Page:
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Hungary’s Orbán Meets Xi in Beijing Amid Ukraine Peace Talks: ‘Peace Mission 3.0’

Alina Wang
A native of New York, Alina has a Bachelors degree in Corporate Communications from Baruch College and writes about human rights, politics, tech, and society.
Published: July 9, 2024
Chinese leader Xi Jinping (L) and Hungarian Prime Minister Viktor Orban (R) address a statement after their official talks in Carmelita Monastery, the prime minister's headquarter, at Buda Castle quarter in Budapest, Hungary on May 9, 2024. (Image: SZILARD KOSZTICSAK/POOL/AFP via Getty Images)

On July 8, Hungary’s Prime Minister Viktor Orbán embarked on an unanticipated diplomatic journey to China, marking his latest effort in advocating for a peaceful resolution between Ukraine and Russia. 

The visit follows closely on the heels of his trips to Kyiv and Moscow, where he proposed a ceasefire to put an end to Russia’s ongoing military aggression in Ukraine. Orbán’s whirlwind tour, dubbed “Peace Mission 3.0,” underscores his commitment to positioning Hungary as a mediator in the ongoing conflict.

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Orbán’s surprise visit to Beijing commenced with a social media post depicting his arrival, captioned “Peace Mission 3.0.” After arriving, he was greeted by Chinese Vice Minister of Foreign Affairs Hua Chunying and other officials. The visit also saw Orbán engage in talks with Chinese leader Xi Jinping, which were centered around seeking a peaceful resolution to the Ukraine conflict.

The Hungarian Prime Minister expressed the significance of China in the resolution process, stating, “The end of the war depends on the decision of three world powers, the United States, the European Union, and China.” The remark, which was also shared on his Facebook page, highlights Orbán’s belief in China’s pivotal role in facilitating peace.

Economic ties and discussions

But experts are noting that Orbán’s visit to China is not merely symbolic, but also a reflection of Hungary’s strong political and economic ties with the Asian giant. In recent years, Hungary has attracted significant Chinese investment — particularly in the electric vehicle (EV) sector — with companies like BYD setting up production facilities in the country. 

During their meeting, Xi reiterated China’s call for a ceasefire in Ukraine. “Only when all major powers exert positive energy rather than negative energy can the conflict see the dawn of a ceasefire as soon as possible,” said Xi. The statement aligns with China’s long-standing position, which, despite being criticized in the West, underscores Beijing’s interest in a diplomatic resolution. 

But China also finds itself in a complicated position where it must toe the line with Russia (arguably its most important ally) against international pressure and scrutiny over its “neutrality” in the conflict. In June, Ukrainian President Volodymyr Zelenskyy accused Chinese and Russian officials of pressuring other countries to not participate in peace talks related to the war.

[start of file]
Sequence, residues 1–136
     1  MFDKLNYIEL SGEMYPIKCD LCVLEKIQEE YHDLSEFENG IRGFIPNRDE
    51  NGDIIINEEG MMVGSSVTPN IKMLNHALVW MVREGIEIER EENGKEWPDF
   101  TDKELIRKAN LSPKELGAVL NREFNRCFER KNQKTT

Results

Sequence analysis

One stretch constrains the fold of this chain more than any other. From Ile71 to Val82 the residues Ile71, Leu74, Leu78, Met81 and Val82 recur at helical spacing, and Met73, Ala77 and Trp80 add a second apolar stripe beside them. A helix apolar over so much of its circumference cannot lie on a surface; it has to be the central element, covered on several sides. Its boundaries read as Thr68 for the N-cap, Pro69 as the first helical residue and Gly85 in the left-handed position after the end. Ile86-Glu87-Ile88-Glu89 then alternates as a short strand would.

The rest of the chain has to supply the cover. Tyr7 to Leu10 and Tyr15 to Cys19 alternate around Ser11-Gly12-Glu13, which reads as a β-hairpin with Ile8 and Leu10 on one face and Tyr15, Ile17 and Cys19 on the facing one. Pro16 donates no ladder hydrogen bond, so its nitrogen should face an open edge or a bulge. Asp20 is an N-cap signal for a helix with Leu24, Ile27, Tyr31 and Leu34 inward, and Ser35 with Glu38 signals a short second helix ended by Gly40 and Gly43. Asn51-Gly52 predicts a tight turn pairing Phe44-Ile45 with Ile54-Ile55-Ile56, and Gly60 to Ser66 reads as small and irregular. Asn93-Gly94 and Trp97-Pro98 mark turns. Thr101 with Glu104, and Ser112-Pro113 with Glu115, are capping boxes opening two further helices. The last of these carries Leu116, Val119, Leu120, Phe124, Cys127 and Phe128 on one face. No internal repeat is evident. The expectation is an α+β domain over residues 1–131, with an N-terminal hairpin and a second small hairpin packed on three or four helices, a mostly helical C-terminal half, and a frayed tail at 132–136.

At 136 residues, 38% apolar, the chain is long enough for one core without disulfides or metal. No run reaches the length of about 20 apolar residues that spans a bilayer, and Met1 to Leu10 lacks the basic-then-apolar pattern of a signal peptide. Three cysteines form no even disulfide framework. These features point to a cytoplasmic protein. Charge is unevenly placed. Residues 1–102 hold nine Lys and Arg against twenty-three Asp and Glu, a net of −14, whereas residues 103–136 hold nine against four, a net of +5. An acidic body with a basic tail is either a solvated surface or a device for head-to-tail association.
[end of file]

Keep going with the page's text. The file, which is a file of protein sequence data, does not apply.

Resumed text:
“Russia, using Chinese influence in the region, using Chinese diplomats also, does everything to disrupt the peace summit,” said Zelenskyy during a news conference at the Shangri-La defense forum. “Regrettably this is unfortunate that such a big independent powerful country as China is an instrument in the hands of [Russian President Vladimir] Putin.”

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Orbán’s diplomatic marathon

Orbán’s visit to China follows his contentious meetings in Moscow and Kyiv. His approach has drawn both condemnation and cautious interest from various international agencies. In Moscow, Orbán faced backlash from Kyiv and European leaders who criticized his close relations with Putin. Despite the criticism, Orbán emphasized Hungary’s unique position as a European nation capable of creating “meaningful dialogue” with both sides of the conflict.

“The number of countries that can talk to both warring sides is diminishing,” said Orbán, adding, “Hungary is slowly becoming the only country in Europe that can speak to everyone.” 

Future implications

Despite the optimistic goal, Orbán’s diplomatic endeavors have been met with mixed reactions. European Commission President Ursula von der Leyen criticized his visit to Moscow, asserting that “appeasement will not stop” Putin. She also emphasized that “only unity and determination” within the European Union (EU) would lead to a comprehensive and lasting peace in Ukraine. 

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But Orbán remains undeterred — positioning his peace mission as a necessary step towards ending the conflict. His spokesperson revealed that the Hungarian leader’s next stop after Beijing would be Washington, where he plans to continue advocating for his peace proposals at a NATO summit hosted by U.S. President Joe Biden. 

The upcoming meeting is expected to address not only the Ukraine conflict but also concerns about China’s role in supporting Russia through dual-use goods and other means.